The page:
Afflicting the Comfortable Nazareth Synagogue

Luke 4:21-30

And he said, “Truly I tell you, no prophet is accepted in the prophet’s hometown. But the truth is, there were many widows in Israel in the time of Elijah, when the heaven was shut up three years and six months, and there was a severe famine over all the land; yet Elijah was sent to none of them except to a widow at Zarephath in Sidon. There were also many lepers in Israel in the time of the prophet Elisha, and none of them was cleansed except Naaman the Syrian.” (Read the whole lesson)

Sermon

We are challenged today, our comfort is afflicted. Good News is meant to comfort the afflicted, but today the comfortable are challenged to change… and this is Good News. It is hard to hear, it unsettling and even rises up our anger, but it is still Good News. As we work and strive to find our place in the world, as well as our place in the pews here… all that is overturned right in front of our eyes.

For us it was last week, but for Jesus and the people of the Nazareth Synagogue, it was only moments ago that he stood before them and boldly proclaimed that the Spirit of God had anointed Jesus to preach good news to the poor, release to the captives, sight to the blind, freedom to the oppressed and forgiveness of debts in the Jubilee year. And then Jesus sat down and preached that “Today, this scripture has been fulfilled in your hearing”. And today, we get to see and hear the response he gets – and its not nice.

After hearing Jesus’ nice sermon, the people are amazed, they are comforted in the midst of their cushy seats in the Nazareth synagogue. They marvel that here, Joseph the carpenter’s son has such beautiful words. They imagine beautiful scenes of their lives being eased, of the burdens laid down and their bumps and bruises soothed. But this is NOT the sermon that Jesus is preaching… he has not come back to his home town to sooth his friends and family. Jesus has come to preach about real suffering, about real change and about real people.

(Pause)

Grace was working her job waitressing job, about to take payment from a customer. The woman was frantically digging through her purse trying to find her wallet and money. Her child was tugging on her sleeve begging to leave. Grace gestured to the side and asked her if she wanted to take a minute while others paid, but the woman didn’t seem to understand and only got more agitated. The scarf that covered nearly all of the woman’s head but her face was beginning to come loose as she looked for something to pay her bill with. The woman looked up at Grace and started explaining, but doesn’t realize she was speaking Arabic.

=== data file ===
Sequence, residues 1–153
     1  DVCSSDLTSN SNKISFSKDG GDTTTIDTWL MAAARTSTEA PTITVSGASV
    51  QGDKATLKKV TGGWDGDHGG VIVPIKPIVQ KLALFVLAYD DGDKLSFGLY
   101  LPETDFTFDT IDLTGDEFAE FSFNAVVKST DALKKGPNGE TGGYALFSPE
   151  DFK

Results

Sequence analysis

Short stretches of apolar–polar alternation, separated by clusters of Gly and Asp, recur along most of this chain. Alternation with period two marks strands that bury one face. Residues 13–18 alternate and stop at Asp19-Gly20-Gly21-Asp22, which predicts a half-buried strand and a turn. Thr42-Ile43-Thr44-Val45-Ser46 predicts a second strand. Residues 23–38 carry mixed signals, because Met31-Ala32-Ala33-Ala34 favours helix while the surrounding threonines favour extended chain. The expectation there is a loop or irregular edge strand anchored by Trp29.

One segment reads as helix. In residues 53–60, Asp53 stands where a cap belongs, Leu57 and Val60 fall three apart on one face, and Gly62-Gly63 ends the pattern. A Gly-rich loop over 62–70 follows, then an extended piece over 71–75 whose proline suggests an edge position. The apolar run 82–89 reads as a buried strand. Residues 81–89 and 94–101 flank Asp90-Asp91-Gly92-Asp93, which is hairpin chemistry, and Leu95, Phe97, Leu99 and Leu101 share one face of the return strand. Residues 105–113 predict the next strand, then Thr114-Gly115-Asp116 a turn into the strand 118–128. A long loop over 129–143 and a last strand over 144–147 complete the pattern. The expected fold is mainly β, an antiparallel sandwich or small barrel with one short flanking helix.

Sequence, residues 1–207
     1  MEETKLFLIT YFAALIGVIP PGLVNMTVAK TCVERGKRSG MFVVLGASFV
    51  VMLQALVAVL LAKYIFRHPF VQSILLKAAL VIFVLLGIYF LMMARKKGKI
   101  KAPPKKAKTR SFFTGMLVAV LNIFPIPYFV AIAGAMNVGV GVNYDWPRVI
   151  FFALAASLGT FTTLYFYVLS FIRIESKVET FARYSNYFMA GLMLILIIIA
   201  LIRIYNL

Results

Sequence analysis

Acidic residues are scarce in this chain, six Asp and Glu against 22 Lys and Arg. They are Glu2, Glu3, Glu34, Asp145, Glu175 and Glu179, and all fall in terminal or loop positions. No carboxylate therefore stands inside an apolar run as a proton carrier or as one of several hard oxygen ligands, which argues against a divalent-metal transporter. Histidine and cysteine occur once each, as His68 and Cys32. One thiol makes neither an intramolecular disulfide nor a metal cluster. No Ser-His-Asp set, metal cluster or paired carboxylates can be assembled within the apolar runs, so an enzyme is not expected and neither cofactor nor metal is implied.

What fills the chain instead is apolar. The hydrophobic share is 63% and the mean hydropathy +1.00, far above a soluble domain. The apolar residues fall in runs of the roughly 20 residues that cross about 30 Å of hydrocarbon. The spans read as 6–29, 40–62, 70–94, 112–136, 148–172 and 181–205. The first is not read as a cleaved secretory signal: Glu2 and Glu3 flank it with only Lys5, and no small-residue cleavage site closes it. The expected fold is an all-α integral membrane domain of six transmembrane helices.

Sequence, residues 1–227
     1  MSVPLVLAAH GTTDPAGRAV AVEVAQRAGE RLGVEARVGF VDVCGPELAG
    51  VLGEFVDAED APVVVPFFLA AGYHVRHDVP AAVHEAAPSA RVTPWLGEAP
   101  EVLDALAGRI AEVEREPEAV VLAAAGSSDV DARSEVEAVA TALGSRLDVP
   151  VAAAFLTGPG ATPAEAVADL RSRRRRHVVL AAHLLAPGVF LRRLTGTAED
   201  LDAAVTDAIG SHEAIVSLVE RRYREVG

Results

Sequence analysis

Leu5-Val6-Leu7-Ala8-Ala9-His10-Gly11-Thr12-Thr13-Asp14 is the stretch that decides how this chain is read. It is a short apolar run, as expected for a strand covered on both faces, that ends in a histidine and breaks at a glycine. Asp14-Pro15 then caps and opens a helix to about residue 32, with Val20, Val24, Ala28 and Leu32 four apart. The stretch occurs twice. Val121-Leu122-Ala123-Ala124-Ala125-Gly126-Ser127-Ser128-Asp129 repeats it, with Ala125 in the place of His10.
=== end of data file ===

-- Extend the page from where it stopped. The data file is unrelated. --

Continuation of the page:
Behind the woman, Grace could hear other customers complaining,

“These immigrants expect a free handout when they come here”

“Why does she wear that thing on her head? Nobody in this country cares if you see a woman’s head!”

“You should have to learn English to be allowed into Canada!”.

(Pause)

Jesus comes down on the people of the Nazareth Synagogue and he comes down hard. He has come to preach the good news to them also, but they cannot see past the energetic 10 year old running around town playing with the other boys and helping out with his father’s carpentry. They cannot see that Jesus is not Joseph’s son at all. And this is why Jesus comes down hard, Jesus is confronting their complacency, confronting their understanding of the world, and using strong and bold words to do it.

God provides food for Elijah and the widow. God heals Naaman in the Jordan river from his leprosy, just as Elisha said would happen. Jesus reminds the people of their own history, of the prophets who had already come to bring good news and Jesus reminds them of a condemning fact… Elijah was sent to a gentile woman, to a pagan widow and her son. Elisha healed a Syrian with leprosy, a solider and a conqueror. Jesus reminds the comfortable folks of Nazareth that God send prophets to heal outcasts and sinners, gentiles and the unclean… the Messiah is not just coming to make the lives of the righteous and chosen people easier.

Jesus would get us jumping out of our seats too if he were preaching here today. He would remind us that his own body and blood, that the bread and wine we share today, is not just to feed 5th generation prairie German, Icelandic or Norwegian Lutherans, but that Christ has come to feed the poor, the outcast, children, the old, the mentally ill and the sick. He would tell us that healing and reconciliation is also for immigrants, Muslims, Jews, Hindus, women, visible minorities.

But when Jesus afflicts the comfortable he doesn’t go halfway. Jesus challenges the people of the Nazareth and challenges us to see where, in our hearing, God is at work. Jesus is saying that God’s work happens with more kinds of people than imagine, AND also happens with us, amongst us, through us. Jesus demands our participation in God’s work. Jesus dares us see how we fit into the work of God right her and now. This pokes us in our comfort zone and makes defensive. We are the ones already here, what more does God want from us? But for Jesus being here is only the first step. Jesus sees the gospel working through us for the poor, the blind, the imprisoned, oppressed and indebted.

But this is not what the people of Nazareth came to hear, Jesus is challenging their comfort and they get enraged and they decide to hurl Jesus off a cliff. But he escapes. Yet, the rage of the people will catch up with him. From today onward, Good Friday is in our horizon as Jesus barely escapes execution by a mob. The rage of the Nazarites is the same rage that will shout “crucify him”, the same rage that will nail his wrists and feet to a cross. But that time is not yet. Resurrection is still coming and the people of Nazareth haven’t seen the fulfillment of God’s promises yet…God’s promises that include more than Ancient Hebrews and Prairie Lutherans. God’s promises that transform us, and we become less comfortable the more we hear them.